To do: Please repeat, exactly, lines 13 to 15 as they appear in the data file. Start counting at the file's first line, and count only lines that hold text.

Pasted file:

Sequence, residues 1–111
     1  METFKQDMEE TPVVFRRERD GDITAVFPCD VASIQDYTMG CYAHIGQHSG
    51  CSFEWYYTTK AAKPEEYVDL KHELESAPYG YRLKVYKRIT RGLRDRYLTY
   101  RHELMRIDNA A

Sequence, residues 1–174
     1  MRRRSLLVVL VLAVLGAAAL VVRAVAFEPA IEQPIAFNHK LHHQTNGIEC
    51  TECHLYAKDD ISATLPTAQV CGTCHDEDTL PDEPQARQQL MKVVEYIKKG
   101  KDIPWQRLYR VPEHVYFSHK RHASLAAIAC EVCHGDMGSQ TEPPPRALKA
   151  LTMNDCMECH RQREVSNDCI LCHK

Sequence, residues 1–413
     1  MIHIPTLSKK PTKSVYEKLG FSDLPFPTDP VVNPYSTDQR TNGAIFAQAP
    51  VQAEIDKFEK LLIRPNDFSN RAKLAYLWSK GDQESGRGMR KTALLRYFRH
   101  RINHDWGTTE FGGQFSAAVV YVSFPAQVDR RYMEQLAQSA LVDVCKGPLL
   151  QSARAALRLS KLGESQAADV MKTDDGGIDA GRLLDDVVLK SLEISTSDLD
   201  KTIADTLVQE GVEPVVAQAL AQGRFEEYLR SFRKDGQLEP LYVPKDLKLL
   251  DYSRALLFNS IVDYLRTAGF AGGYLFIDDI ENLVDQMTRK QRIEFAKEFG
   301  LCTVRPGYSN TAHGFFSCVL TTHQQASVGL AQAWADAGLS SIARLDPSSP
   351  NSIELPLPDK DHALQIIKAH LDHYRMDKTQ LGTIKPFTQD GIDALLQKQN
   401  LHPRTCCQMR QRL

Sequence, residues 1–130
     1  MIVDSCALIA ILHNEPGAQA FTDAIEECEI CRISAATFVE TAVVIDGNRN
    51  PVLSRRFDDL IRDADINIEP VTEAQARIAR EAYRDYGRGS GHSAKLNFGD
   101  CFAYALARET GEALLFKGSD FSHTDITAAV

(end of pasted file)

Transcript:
   101  RINHDWGTTE FGGQFSAAVV YVSFPAQVDR RYMEQLAQSA LVDVCKGPLL
   151  QSARAALRLS KLGESQAADV MKTDDGGIDA GRLLDDVVLK SLEISTSDLD
   201  KTIADTLVQE GVEPVVAQAL AQGRFEEYLR SFRKDGQLEP LYVPKDLKLL